transparencies in advance (Hacbarth, 1996).
Use of the Internet provides many unique opportunities and resources to
facilitate learning. The Internet enables greater collaboration, communication,
and informational support through use of e-mail, listservs, newsgroups, search
engines, and World Wide Web sites. The Internet can be used to create a virtual
learning community within your classroom through and active exchange of ideas
Typically, the main concern of graduate
students is how to become scholars in their disciples of choice. While teaching
assistantships are seen as a source of financial support, graduate teaching
associates have a responsibility to improve their teaching skills, as all good
professional educators do. Reading about teaching, attending workshops and
seminars, joining conversation groups to talk about teaching, and exploring
educational resources on the Internet are all excellent ways to improve one's
Resources for Teaching Assistants
Guidelines for Teaching Assistants
Reading List for Teaching Assistants
Notes and Suggestions for TAs
Guidelines for Web Based Instruction
Bruning,R.H. (1994). The college classroom from
the perspective of cognitive psychology. In K. Prichard and R. Sawyer, (eds.). "The handbook of college teaching." Westport, CT: Greenwood Press.
Casazza M. E. & Silverman F. L. (1996) "Learning assistance and
developmental education." San Francisco: Jossey Bass.
Hacbarth, S. (1996) "The educational technology handbook: A comprehensive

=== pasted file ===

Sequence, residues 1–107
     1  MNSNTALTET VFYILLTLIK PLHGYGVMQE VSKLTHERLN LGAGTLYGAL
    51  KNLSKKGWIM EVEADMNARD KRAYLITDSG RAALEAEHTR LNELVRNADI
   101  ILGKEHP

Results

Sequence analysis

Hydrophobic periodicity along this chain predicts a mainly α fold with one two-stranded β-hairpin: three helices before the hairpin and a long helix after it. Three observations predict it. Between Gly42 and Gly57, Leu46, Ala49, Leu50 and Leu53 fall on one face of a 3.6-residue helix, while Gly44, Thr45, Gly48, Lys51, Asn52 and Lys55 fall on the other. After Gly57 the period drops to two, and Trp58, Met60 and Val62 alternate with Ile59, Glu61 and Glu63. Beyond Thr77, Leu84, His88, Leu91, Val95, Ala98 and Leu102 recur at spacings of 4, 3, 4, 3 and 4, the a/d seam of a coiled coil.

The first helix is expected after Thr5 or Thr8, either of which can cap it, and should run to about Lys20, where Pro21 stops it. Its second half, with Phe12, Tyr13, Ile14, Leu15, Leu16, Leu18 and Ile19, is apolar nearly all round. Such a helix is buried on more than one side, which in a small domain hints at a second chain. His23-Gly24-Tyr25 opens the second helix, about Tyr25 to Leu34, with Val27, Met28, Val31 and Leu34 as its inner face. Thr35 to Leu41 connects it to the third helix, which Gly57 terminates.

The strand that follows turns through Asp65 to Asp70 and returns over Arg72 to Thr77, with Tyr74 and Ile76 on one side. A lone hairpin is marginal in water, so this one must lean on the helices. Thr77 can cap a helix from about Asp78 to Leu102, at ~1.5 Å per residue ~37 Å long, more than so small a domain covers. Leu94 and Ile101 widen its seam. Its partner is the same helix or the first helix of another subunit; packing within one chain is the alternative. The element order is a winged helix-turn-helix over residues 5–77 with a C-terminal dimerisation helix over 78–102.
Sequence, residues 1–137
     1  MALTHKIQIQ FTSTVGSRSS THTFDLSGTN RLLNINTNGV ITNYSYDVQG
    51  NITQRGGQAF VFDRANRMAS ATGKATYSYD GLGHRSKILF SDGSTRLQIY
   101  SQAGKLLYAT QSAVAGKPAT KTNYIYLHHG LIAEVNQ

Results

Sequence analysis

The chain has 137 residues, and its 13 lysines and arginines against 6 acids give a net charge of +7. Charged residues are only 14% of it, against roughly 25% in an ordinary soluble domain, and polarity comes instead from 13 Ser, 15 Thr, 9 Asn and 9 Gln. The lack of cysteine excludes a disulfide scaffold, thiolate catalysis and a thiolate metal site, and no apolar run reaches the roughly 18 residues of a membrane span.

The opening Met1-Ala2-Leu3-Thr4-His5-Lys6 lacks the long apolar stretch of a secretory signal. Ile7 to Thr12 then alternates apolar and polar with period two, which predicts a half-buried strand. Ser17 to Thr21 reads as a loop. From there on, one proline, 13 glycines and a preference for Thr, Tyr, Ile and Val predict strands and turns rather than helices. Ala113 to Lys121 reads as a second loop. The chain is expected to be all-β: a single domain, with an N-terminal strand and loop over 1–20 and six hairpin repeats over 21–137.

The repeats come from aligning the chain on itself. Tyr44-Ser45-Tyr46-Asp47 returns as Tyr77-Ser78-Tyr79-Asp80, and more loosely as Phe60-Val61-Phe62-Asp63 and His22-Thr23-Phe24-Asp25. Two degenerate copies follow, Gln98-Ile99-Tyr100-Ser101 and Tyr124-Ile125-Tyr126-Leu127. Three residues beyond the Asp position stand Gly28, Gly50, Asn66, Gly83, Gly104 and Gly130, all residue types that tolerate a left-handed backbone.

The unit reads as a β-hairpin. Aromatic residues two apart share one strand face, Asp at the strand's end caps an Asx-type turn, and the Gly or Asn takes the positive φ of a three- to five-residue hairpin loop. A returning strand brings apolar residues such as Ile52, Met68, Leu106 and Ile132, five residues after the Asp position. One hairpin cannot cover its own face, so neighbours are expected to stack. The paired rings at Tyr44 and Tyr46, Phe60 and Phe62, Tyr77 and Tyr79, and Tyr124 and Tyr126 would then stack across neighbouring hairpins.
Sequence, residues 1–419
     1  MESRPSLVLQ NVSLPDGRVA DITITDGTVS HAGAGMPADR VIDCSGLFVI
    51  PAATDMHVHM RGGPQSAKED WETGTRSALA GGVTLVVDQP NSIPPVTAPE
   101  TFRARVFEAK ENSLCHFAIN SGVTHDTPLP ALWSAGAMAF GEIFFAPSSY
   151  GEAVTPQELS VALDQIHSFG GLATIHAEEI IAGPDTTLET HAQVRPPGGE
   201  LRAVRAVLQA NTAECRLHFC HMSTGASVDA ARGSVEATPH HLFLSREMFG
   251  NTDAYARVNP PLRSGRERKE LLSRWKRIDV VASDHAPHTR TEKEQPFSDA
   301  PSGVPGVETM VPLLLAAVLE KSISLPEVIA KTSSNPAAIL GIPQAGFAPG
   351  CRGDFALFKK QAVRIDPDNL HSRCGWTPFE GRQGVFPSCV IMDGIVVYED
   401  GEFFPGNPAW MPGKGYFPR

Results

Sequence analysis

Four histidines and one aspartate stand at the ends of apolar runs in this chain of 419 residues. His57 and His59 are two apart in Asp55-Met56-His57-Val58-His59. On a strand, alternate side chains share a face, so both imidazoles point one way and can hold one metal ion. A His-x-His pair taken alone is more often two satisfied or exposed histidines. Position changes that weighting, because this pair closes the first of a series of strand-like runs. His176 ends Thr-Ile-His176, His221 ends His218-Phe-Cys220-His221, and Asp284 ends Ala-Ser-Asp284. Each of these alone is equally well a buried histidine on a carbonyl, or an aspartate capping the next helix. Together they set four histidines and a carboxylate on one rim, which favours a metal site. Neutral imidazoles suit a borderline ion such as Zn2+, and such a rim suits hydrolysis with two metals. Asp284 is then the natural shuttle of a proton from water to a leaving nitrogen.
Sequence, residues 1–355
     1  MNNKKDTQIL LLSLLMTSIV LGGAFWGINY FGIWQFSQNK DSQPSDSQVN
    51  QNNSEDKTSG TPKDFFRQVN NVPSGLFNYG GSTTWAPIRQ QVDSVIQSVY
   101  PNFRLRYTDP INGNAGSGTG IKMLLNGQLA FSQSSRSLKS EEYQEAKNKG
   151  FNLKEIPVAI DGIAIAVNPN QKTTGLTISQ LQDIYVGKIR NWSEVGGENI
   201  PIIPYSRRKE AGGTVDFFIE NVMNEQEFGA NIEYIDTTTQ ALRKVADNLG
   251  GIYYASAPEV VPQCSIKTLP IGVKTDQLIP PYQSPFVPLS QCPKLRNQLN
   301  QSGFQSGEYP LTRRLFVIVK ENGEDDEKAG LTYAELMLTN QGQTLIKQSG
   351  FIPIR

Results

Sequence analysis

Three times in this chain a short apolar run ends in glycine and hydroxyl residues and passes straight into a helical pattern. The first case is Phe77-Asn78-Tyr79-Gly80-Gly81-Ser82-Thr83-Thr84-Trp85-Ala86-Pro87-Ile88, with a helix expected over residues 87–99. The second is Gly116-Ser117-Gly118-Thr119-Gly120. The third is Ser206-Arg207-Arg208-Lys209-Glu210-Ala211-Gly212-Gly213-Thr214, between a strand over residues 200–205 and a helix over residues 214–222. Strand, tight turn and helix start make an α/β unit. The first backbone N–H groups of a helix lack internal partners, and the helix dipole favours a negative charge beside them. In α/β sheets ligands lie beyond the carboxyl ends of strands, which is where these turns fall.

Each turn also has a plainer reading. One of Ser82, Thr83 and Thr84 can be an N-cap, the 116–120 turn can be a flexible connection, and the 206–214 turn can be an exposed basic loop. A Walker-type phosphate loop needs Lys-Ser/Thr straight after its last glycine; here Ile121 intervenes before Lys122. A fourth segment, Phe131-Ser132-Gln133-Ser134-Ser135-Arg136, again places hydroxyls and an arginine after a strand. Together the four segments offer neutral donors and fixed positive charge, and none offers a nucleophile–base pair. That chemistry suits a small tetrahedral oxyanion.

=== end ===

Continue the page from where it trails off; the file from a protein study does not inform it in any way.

guide, process and products for learning." Englewood Cliffs, NJ: Educational
McKeachie, W.J. (1994). "Teaching tips: Strategies, research and theory for
college and university teachers (9th ed.)." Lexington, MA: DC Heath.
McLoed, A. (1996). Discovering and facilitating deep learning states. "The
national teaching and learning forum," 5 (6) p. 1-7.
Perry, R. Menec, V., & Struthers, C. (1996) Student motivation from the
teacher's perspective. In R. Menges & M. Weimer, (eds.) "Teaching on solid
ground." San Francisco: Jossey Bass.
Pintrich P.R., (1994). Student motivation in the college classroom. In K.
Prichard & R Sawyer, eds. "The handbook of college teaching." Westport, CT:
Svinicki, M. D. (1991). Practical implications of cognitive theories. In R.
Mengis & M. Savinki, (eds.) "College Teaching: From theory to practice." New
Directions for teaching and learning, #45. San Francisco: Jossey Bass.
Svinicki, M. D. (1994). "Lecture handout: Teaching with the learner in mind."
Office of Faculty and TA Development, The Ohio State University.
Wlodkowski, R.J. & Ginsberg, M.B. (1995). "Diversity and motivation:
Culturally responsive teaching." San Francisco: Jossey Bass. [ED 387 036]